And what a week it was!
A week in which Facebook had some tough questions to answer! A week in which Facebook talked about how seriously they were taking these questions! And a week in which most people noticed that wasn’t the same thing as actually answering them!
But what else happened?
Let’s look back and see:
A Russian spy was recently poisoned in Britain, and there’s a very good chance Russia did it. Following the incident, Jeremy Corbyn called for international law to be respected, which means there’s a very good chance he’s the reincarnated spirit of Stalin.
Hats off to them
Off The Perch caught up with Miss Infa Mation – the BBC’s head of explaining why all complaints are in fact baseless whinging:
OTP: Did you really think this image was appropriate?
IM: Look, despite what Owen Jones said, we didn’t photoshop the hat. We altered everything else obviously, but the hat stuff is conspiratorial nonsense.
OTP: Forgetting the hat for a moment, would you not agree that picturing Corbyn high-fiving Stalin during the middle of an international incident might lack impartiality?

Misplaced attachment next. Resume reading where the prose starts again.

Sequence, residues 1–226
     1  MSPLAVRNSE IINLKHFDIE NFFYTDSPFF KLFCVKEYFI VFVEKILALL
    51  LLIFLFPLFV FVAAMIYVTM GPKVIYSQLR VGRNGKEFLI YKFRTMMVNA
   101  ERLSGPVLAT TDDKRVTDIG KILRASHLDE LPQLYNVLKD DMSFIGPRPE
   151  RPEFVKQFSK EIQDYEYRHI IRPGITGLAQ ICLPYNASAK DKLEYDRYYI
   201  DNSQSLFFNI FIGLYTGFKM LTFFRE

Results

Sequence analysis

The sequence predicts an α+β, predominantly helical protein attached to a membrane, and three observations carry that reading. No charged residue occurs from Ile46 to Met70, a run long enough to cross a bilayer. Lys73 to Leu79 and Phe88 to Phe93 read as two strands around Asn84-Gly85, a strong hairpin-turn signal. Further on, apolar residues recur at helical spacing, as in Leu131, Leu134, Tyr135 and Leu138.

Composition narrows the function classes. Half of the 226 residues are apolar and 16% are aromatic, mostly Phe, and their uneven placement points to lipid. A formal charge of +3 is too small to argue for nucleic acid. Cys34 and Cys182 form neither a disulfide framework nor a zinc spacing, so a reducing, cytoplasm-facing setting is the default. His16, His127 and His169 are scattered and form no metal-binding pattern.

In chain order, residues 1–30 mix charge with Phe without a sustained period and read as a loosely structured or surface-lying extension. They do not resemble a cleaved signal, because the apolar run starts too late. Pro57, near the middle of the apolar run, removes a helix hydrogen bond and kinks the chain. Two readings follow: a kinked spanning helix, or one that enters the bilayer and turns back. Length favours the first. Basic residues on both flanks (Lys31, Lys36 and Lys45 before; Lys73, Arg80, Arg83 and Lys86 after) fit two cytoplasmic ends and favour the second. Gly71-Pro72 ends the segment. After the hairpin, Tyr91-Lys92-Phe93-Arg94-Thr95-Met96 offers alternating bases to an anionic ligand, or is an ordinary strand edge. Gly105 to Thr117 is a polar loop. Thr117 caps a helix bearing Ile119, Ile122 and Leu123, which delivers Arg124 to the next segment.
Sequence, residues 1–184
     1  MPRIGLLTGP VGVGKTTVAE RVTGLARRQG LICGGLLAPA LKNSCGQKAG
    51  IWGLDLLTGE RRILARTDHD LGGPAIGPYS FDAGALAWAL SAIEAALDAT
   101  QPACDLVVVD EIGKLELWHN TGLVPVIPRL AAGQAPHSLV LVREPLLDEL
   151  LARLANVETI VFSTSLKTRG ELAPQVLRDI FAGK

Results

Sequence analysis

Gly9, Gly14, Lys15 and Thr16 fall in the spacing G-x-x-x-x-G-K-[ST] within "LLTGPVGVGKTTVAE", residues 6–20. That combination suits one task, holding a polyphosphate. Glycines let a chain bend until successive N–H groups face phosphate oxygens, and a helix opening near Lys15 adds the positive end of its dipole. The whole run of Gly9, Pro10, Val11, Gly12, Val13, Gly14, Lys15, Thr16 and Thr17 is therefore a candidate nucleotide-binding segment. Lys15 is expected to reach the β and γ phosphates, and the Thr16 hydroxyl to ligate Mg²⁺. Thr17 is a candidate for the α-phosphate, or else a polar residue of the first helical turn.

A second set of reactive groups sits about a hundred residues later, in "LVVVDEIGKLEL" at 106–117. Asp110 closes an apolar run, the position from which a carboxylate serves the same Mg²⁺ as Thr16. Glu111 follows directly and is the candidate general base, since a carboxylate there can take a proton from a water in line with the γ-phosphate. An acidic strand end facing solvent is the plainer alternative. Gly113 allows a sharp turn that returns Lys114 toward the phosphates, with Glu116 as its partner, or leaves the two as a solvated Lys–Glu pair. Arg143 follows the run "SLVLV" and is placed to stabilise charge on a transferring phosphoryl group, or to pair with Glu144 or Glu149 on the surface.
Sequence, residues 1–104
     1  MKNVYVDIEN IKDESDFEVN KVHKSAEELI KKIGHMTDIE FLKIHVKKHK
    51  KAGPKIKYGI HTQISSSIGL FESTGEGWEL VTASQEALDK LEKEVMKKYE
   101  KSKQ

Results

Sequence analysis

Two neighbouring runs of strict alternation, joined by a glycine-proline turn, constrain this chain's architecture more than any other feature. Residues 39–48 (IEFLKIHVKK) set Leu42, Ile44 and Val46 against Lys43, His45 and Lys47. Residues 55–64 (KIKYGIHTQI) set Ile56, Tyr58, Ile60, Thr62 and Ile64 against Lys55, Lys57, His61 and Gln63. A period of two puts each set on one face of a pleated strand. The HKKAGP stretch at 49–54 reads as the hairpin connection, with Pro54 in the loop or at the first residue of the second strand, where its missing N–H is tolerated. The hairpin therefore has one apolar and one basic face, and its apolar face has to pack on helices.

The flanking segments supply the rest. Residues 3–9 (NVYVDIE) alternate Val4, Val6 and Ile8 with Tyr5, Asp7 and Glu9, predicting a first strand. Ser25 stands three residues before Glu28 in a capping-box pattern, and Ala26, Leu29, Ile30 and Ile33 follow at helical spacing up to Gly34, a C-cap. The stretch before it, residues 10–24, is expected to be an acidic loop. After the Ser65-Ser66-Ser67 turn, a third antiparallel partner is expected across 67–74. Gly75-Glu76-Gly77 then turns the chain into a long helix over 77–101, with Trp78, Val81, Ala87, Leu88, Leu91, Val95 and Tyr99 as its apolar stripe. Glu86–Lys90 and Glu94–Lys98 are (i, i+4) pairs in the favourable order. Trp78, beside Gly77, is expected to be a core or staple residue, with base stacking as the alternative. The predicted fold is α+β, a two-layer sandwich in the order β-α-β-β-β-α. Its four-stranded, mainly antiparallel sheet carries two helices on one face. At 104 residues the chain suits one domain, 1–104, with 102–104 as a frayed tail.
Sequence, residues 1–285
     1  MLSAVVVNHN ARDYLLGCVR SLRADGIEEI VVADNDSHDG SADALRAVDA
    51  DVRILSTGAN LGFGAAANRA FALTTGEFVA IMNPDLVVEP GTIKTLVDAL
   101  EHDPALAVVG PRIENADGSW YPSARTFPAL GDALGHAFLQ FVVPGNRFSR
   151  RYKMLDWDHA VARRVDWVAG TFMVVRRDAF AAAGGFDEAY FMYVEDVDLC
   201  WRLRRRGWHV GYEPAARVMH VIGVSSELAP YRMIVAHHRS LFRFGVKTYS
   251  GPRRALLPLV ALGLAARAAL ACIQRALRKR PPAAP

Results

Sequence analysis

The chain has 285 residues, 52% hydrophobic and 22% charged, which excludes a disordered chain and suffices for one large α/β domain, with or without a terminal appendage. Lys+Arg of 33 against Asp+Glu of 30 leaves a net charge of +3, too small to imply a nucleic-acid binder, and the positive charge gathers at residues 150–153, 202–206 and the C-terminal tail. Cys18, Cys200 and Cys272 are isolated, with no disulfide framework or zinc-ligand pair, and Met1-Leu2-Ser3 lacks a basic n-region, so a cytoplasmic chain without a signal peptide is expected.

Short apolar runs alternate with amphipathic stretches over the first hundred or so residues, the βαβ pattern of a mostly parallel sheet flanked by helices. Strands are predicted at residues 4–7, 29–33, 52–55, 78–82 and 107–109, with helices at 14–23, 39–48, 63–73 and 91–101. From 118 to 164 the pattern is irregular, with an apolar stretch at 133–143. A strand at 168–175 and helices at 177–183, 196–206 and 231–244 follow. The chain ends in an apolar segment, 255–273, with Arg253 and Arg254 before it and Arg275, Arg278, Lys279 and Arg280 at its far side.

IM: I agree that it lacks hat photoshopping.
OTP: I feel like you might be focusing on the trivialities of this to deflect from the more serious issue at hand.
IM: No one complained when we ran a picture of Boris Johnson high-fiving a Russian oligarch.
OTP: Yes, but that picture was real. As was the one of them go-karting.
IM: I suppose you probably think we photoshopped his helmet to look more communist.
OTP: While we’re on the subject, you are aware that the Soviet Union fell, right? Russia hasn’t been communist for some time.
Some people have argued that if the left can photoshop images of David Cameron being friendly with pigs, why can’t the BBC do this?
The answer is that:
- People on Twitter aren’t beholden to a code of impartiality.
- Images of Cameron being friendly with pigs never helped deflect attention from the Tories accepting Russian blood money.
Facebook was allegedly aware of some very dodgy stuff going on with its users’ information. Shining a light on this stuff is bad news for Facebook, as using personal information for dodgy stuff has been a big earner for them.
Businesses that make money by collecting and selling detailed records of private lives were once plainly described as "surveillance companies." Their rebranding as "social media" is the most successful deception since the Department of War became the Department of Defense.
— Edward Snowden (@Snowden) March 17, 2018
Off The Perch caught up with Facebook’s Mark Zuckerberg to find out more: